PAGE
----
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The National Portrait Gallery acknowledges the Traditional Custodians of Country throughout Australia and recognises the continuing connection to lands, waters and communities. We pay our respect to Aboriginal and Torres Strait Islander cultures and to Elders both past and present.

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"Charlie" Lord Charles Robert Carrington (Image plate from Vanity Fair)

1874
Carlo Pellegrini

chromolithograph on paper (sheet: 38.2 cm x 26.0 cm, image: 30.3 cm x 18.5 cm)

Charles Robert Wynn-Carrington (1843–1928), 1st Marquess of Lincolnshire, landowner and Liberal politician, was governor of New South Wales in the late 1880s. Born in London and educated at Eton and at Trinity College, Cambridge, Carrington entered Parliament, aged 22, in 1865 as member for the seat of High Wycombe. Aged 26, he succeeded his father to the peerage as 3rd Baron Carrington and inherited the family estates in Buckinghamshire and Lincolnshire. He later served as an aide-de-camp to the Prince of Wales (later Edward VII) and as chief whip to the House of Lords; and in 1881 became a member of the Privy Council. He married Cecilia Margaret Harbord in 1878; they had five daughters and one son. He was appointed Governor of New South Wales in 1885 and arrived in Sydney in December of that year. During his five-year tenure, Carrington proved a popular, prudent and tactful governor who refrained from interfering in local political matters while still exerting a subtle influence. Carrington’s representations to state governors in Victoria and South Australia, for example, have been cited as vital steps towards the Federation Conference of 1890. Carrington’s term is also remembered for the social activity it generated, Government House becoming the venue for many ‘at homes’, receptions and celebrations during his governorship. On returning to Britain in 1890, Carrington was elected to the London City Council; and between 1892 and 1895 served as Lord Chamberlain in the governments of William Gladstone and Lord Roseberry. He was created Earl Carrington in 1895. Having served in cabinet positions in subsequent Liberal governments, Carrington retired from politics in 1912, becoming Marquess of Lincolnshire the same year. Carrington’s titles passed to his brother on his death in 1928, his only son having been killed in World War 1.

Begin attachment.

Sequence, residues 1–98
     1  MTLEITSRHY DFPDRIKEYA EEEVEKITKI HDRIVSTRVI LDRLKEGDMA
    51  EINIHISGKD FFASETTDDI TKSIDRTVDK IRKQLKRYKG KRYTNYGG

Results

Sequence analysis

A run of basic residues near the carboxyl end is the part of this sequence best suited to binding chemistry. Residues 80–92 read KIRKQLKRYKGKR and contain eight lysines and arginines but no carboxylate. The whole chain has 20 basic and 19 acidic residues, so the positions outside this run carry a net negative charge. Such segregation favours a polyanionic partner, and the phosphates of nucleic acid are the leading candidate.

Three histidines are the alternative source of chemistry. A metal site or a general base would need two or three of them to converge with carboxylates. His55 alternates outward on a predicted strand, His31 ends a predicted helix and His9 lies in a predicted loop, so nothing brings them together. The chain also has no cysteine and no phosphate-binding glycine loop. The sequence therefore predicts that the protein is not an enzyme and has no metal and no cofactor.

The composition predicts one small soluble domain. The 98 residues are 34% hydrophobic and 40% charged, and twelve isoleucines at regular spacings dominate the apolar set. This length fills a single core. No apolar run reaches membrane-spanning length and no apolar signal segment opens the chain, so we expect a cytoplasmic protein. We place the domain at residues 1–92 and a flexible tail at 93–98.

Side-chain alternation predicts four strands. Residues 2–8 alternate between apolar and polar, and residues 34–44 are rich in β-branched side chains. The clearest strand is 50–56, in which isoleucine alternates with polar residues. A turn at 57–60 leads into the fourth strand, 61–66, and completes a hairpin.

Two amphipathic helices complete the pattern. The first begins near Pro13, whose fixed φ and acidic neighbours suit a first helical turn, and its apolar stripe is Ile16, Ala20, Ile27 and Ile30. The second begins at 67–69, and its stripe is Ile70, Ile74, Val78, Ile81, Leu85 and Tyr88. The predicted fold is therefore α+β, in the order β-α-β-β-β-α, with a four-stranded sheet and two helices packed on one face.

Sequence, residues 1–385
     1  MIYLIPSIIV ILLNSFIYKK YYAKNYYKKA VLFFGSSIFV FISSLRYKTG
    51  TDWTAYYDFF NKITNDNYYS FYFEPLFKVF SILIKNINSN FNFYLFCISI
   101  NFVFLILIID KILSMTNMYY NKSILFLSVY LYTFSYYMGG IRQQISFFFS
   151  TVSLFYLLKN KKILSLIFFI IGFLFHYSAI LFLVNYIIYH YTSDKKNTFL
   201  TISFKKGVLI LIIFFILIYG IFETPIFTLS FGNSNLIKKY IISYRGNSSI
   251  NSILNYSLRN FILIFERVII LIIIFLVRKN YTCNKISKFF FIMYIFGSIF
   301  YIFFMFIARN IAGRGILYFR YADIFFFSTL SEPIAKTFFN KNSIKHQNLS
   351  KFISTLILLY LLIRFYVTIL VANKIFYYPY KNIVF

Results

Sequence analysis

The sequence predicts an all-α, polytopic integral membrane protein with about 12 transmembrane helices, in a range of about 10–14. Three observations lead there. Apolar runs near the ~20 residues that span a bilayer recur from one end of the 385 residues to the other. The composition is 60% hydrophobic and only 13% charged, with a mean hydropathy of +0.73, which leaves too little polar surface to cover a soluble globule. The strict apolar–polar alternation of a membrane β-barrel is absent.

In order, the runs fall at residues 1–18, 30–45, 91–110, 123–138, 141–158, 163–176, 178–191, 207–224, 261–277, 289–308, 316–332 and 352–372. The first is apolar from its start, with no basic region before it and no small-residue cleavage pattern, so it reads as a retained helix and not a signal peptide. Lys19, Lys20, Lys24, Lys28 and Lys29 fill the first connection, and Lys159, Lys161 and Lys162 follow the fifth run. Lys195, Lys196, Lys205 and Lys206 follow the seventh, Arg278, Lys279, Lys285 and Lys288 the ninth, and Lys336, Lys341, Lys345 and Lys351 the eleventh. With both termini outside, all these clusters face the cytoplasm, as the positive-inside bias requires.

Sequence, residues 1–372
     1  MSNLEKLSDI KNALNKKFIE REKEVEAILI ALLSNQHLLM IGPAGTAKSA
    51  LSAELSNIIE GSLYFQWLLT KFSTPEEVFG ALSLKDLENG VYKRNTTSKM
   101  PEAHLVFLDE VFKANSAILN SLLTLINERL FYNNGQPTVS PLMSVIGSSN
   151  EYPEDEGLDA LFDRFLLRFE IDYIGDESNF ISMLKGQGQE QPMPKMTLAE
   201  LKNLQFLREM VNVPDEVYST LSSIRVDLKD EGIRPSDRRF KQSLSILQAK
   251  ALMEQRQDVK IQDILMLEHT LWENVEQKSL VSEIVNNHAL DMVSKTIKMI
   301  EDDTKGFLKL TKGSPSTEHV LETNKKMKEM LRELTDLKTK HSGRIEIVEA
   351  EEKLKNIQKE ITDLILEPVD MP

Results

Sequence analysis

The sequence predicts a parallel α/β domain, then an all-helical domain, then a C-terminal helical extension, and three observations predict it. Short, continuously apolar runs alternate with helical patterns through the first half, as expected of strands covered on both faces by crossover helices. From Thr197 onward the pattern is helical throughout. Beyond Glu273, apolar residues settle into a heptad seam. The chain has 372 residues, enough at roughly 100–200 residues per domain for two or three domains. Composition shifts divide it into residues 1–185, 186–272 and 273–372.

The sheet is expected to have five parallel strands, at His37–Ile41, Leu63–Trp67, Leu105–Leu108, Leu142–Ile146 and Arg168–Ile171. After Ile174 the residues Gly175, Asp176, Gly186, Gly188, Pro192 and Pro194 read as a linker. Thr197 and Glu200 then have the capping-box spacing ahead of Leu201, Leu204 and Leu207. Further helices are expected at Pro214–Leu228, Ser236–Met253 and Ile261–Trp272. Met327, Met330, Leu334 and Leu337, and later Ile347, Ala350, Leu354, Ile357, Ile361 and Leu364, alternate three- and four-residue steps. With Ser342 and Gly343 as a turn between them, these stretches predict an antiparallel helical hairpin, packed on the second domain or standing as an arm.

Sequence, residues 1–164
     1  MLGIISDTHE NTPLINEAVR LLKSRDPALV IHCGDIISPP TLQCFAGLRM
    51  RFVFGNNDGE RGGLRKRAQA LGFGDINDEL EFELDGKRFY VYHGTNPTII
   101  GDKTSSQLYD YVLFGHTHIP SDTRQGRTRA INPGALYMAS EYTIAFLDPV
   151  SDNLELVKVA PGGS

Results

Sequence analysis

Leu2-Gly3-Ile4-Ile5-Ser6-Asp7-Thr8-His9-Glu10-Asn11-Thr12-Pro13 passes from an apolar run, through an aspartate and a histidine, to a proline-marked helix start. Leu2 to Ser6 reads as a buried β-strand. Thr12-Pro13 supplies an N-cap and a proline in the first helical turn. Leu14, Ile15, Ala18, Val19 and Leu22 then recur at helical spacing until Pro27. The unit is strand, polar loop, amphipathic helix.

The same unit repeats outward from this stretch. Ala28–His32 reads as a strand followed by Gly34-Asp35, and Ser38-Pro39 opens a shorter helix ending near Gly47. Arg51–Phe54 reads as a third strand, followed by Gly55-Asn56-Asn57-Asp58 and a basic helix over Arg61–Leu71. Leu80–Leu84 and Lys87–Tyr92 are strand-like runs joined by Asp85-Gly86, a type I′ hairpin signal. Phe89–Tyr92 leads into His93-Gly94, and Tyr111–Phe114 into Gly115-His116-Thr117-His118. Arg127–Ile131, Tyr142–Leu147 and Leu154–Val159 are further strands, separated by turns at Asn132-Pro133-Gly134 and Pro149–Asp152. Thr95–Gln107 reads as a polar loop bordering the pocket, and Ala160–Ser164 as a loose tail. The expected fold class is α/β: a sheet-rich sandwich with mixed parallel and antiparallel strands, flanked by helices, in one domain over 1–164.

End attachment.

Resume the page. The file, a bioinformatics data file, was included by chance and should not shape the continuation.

Collection: National Portrait Gallery
Purchased 2013

The National Portrait Gallery respects the artistic and intellectual property rights of others. Works of art from the collection are reproduced as per the Australian Copyright Act 1968 (Cth). The use of images of works from the collection may be restricted under the Act. Requests for a reproduction of a work of art can be made through a Reproduction request. For further information please contact NPG Copyright.

Artist and subject

Carlo Pellegrini (age 36 in 1874)

Charles Robert Wynn-Carrington (age 31 in 1874)

Subject professions

Government and leadership

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The National Portrait Gallery acknowledges the Traditional Custodians of Country throughout Australia and recognises the continuing connection to lands, waters and communities. We pay our respect to Aboriginal and Torres Strait Islander cultures and to Elders past and present. We respectfully advise that this site includes works by, images of, names of, voices of and references to deceased people.

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The National Portrait Gallery respects the artistic and intellectual property rights of others. The use of images of works of art reproduced on this website and all other content may be restricted under the Australian Copyright Act 1968 (Cth). Requests for a reproduction of a work of art or other content can be made through a Reproduction request. For further information please contact NPG Copyright.

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